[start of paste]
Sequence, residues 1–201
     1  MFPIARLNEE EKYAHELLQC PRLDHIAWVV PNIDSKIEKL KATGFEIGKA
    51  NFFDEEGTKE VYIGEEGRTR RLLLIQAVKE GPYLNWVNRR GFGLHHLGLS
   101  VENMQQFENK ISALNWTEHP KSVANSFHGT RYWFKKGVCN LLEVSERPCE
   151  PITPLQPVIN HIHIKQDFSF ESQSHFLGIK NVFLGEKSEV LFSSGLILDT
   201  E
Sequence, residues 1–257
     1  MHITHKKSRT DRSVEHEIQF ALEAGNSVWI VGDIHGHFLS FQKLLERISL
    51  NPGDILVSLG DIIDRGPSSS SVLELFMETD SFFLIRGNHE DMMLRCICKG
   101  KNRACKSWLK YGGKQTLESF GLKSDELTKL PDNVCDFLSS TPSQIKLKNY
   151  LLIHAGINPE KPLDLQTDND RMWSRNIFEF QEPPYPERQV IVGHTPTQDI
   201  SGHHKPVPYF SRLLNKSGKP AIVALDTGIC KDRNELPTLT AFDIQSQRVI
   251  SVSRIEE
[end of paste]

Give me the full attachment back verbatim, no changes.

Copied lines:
Sequence, residues 1–201
     1  MFPIARLNEE EKYAHELLQC PRLDHIAWVV PNIDSKIEKL KATGFEIGKA
    51  NFFDEEGTKE VYIGEEGRTR RLLLIQAVKE GPYLNWVNRR GFGLHHLGLS
   101  VENMQQFENK ISALNWTEHP KSVANSFHGT RYWFKKGVCN LLEVSERPCE
   151  PITPLQPVIN HIHIKQDFSF ESQSHFLGIK NVFLGEKSEV LFSSGLILDT
   201  E
Sequence, residues 1–257
     1  MHITHKKSRT DRSVEHEIQF ALEAGNSVWI VGDIHGHFLS FQKLLERISL
    51  NPGDILVSLG DIIDRGPSSS SVLELFMETD SFFLIRGNHE DMMLRCICKG
   101  KNRACKSWLK YGGKQTLESF GLKSDELTKL PDNVCDFLSS TPSQIKLKNY
   151  LLIHAGINPE KPLDLQTDND RMWSRNIFEF QEPPYPERQV IVGHTPTQDI
   201  SGHHKPVPYF SRLLNKSGKP AIVALDTGIC KDRNELPTLT AFDIQSQRVI
   251  SVSRIEE